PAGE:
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Paws up, paws down: Clemson men’s basketball’s 2022-2023 season

Matt Mynes // Photo Editor

PJ Hall (24) and Hunter Tyson (5) standing for the alma mater after Clemson’s first round NIT loss to Morehead State at Littlejohn Coliseum on March 15. 

Finishing with an overall record of 23-11 and 14-6 in conference play, the Clemson men’s basketball team certainly had a year to remember.

Here are the biggest takeaways from the Tigers’ season:

Paws up: Historic performances in conference play

It was a great season in the ACC for head coach Brad Brownell and his team. 

Clemson came out of the gate strong, holding a 15-3 record to start the season and being ranked as high as No. 19 at one point. The Tigers won their first seven games in conference play, which marked the team’s greatest start in school history. 

The undefeated streak was highlighted by their win against the Duke Blue Devils when the Tigers took them down 72-64 in a sold-out Littlejohn Coliseum.

In an unpredictable ACC this season, Clemson set another school record by winning 14 games in conference play, surpassing the 11 in-conference-win seasons that previously held the record. 

The Tigers also tied a program record with five ACC victories on the road this season, highlighted by a 25-point road victory over NC State. 

The Tigers thrived in the ACC this year, a conference that is notoriously difficult. 

Paws down: Missing the NCAA Tournament 

Despite the record wins in conference play and the resume-building wins, the Tigers’ season will be headlined by missing the NCAA Tournament, being one of the first teams out after the field of 68 was announced. 

There was some dispute over certain teams being over Clemson, such as NC State, when the Tigers took down the Wolfpack three times throughout the season, all in dominant fashion. 

Clemson took down many other tournament teams as well, such as Duke, Pittsburgh and Penn State.

Whether considered a “snub” or not, the exclusion could potentially headline Clemson’s impressive season when looking back. 

Paws down: Bad losses to beatable opponents

Despite the incredible start, the Tigers struggled against teams with poor records, giving them a worse resume when it came to the NCAA Tournament at the end of the season. 

Clemson’s first loss of the season was a close 60-58 loss to rival South Carolina, which finished the year 11-21. A few games later, the team was dominated by Loyola Chicago, who held a 10-21 record this season.

The most impactful loss of the year came late in the season when the Tigers fell to the Louisville Cardinals by 10, giving the Cardinals their fourth and final win of the year.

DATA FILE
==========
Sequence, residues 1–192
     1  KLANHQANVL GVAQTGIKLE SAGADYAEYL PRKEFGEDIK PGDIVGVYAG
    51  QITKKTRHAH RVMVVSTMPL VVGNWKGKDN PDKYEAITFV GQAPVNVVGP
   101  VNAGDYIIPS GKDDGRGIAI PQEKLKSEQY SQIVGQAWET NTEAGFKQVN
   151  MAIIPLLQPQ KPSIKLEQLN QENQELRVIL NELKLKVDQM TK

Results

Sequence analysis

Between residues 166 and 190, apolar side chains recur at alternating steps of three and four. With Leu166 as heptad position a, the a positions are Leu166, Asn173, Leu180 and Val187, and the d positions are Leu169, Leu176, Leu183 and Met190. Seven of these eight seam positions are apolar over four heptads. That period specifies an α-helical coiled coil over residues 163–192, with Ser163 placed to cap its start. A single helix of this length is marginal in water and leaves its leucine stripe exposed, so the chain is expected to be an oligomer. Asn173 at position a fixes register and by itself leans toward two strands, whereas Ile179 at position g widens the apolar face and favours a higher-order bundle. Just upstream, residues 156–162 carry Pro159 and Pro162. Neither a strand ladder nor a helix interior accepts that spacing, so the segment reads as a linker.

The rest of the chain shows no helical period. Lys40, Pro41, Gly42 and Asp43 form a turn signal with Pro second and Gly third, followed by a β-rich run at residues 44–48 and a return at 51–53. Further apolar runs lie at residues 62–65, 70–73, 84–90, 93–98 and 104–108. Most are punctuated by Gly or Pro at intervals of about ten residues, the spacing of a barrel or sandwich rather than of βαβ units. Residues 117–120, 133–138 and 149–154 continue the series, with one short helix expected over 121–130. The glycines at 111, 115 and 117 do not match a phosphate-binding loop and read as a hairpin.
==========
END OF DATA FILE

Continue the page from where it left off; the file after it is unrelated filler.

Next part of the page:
A Clemson win would have resulted in a higher seed in the ACC Tournament, a share of the regular season title and would have greatly improved chances at a spot in the NCAA Tournament. 

Paws up: Hunter Tyson and PJ Hall

One of the biggest stories of Clemson’s season was their dominant frontcourt duo of senior forward Hunter Tyson and junior center PJ Hall.

It was a season to remember for Tyson, who averaged 15.3 points and 9.6 rebounds per game, landing a spot on the All-ACC first team, the first Tiger to do so since the 2015-2016 season.

Hall added 15.3 points and 5.7 rebounds per game as well, being named to the All-ACC third team at the end of the season.  

Paws up: Promising future 

Despite players like Tyson and guard Brevin Galloway leaving at the end of the season, Clemson will return some key pieces to try to continue success next season. 

Most notably, PJ Hall has a chance to return to the Tigers next season. Despite a report that the star center will test the NBA draft waters, Hall could maintain his college eligibility, making a potential return to Littlejohn possible.

Guards Chase Hunter and Alex Hemenway can return to Clemson, providing an experienced backcourt. The two will be joined by Dillon Hunter, who will look to continue to grow after a great freshman season. 

Forward Ian Schieffelin will be returning for his junior season as well. Schieffelin had many great performances down the stretch and looks to continue that form into next season. 

Brownell also emphasized that he would explore the transfer portal, already adding Air Force guard Jake Heidbreder to his backcourt. The 6-foot-5 guard averaged 15.1 points in his sophomore season with the Falcons, shooting 39.9% from 3-point range. 

With Heidbreder, the returning playmakers and new faces from the transfer window potentially approaching, the Clemson men’s basketball team has plenty to be excited about when looking at next season.

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Griffin Barfield
Griffin Barfield, Asst. Sports Editor
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